Thursday , 22 October 2020

More Iranian Cities on Coronavirus Red Alert

Radiofarda – Iran’s Ministry of Health announced on Thursday that the number of Iranian cities on red alert for coronavirus has sharply increased.

The state-run Iran Students News Agency (ISNA) cited the Ministry of Health’s spokeswoman, Sima Sadat Lari, as referring to a “relative increase in the number of afflictions and hospitalizations in most of the provinces across the country.”

“In the past week, the number of cities on red alert increased from 88 to 109, and the number of cities on alert status increased from ninety to 107,” Sadat Lari saod.

It is not yet clear whether the increase can be attributed to the Shi’ites’ annual Muharram ceremonies, held in mourning of their third Imam’s death in 680 AD.

Weeks before Muharram ceremonies began, experts and Iranian officials were warning that coronavirus cases could increase following the ceremonies and into the fall.

In a separate report, Reza Nejati, the spokesman for the Coronavirus Management Headquarters in the province of Khuzestan, also disclosed that the deadly virus contamination was on the rise in the region, adding to the number of cities on red alert.

“If the current situation persists and intercity travels continue, all Khuzestan cities will definitely suffer from the deadly virus,” Nejati said.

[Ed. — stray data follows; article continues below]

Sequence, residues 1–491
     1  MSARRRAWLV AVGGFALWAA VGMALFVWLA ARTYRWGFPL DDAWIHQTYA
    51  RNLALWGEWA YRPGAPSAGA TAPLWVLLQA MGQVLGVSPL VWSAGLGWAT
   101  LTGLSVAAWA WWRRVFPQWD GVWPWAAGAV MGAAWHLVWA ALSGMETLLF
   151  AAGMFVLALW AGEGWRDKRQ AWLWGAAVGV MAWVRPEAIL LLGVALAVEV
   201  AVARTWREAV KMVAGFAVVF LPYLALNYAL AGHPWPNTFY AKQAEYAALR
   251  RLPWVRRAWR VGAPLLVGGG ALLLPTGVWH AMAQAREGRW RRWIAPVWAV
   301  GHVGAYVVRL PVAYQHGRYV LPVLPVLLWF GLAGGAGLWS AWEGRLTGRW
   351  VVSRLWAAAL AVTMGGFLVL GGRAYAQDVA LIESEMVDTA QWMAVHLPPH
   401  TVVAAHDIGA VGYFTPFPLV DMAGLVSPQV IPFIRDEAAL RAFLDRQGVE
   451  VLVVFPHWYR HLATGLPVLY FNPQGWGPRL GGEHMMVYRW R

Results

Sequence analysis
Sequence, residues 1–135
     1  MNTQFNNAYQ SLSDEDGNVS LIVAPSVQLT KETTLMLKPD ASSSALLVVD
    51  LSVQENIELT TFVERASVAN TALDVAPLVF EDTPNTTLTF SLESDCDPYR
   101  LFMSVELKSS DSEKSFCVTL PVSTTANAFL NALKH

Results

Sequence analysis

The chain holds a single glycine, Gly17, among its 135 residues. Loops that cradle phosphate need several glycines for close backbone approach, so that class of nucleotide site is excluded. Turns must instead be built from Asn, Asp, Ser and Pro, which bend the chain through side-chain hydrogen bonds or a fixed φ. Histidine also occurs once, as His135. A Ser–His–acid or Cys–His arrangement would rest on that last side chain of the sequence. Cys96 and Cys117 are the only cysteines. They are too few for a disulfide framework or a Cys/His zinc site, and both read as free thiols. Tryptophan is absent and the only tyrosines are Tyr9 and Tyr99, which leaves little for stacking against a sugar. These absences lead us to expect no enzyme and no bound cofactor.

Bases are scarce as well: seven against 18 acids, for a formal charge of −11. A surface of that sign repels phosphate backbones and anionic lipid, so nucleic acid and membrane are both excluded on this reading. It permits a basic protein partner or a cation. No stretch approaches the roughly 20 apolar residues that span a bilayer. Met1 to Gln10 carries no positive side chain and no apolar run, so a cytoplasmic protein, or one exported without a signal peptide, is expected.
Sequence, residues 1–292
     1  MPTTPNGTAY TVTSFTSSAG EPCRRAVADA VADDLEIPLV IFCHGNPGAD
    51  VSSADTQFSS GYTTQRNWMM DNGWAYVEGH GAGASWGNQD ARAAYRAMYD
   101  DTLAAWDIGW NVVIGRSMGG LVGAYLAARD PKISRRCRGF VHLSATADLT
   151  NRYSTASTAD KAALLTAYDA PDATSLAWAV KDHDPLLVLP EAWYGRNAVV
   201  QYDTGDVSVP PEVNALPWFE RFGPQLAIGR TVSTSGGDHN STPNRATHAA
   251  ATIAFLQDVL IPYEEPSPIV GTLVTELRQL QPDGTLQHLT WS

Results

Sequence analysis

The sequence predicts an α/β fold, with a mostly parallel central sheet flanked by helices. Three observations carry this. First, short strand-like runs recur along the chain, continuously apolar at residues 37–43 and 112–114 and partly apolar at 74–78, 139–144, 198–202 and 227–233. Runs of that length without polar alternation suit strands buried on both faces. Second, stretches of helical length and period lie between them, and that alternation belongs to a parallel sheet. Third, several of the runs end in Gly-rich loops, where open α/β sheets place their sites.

Nejati blamed the increase in cases on “some people’s recklessness and disregarding official hygiene guidelines,” adding that “a bitter development was underway” in the oil-rich province.

Without referring to Muharram’s ceremonies and the mourners’ disregard of hygiene protocols, Nejati criticized Iran not allowing citizens to participate in religious ceremonies, annually held in the city of Karbala, Iraq.

“Even if we allow Iranian pilgrims to commemorate Arba’een, the Iraqi authorities will not let them cross the borders,” Nejati said.

As the coronavirus has progressed, officials at the Iranian Ministry of Health have issued daily reports of the number of people who have been infected by or died of the virus. Independent sources, however, have cast doubt over the accuracy of the state’s data, with Iranian authorities continually refusing to provide statistics on the virus’ spread in different cities and provinces across Iran.

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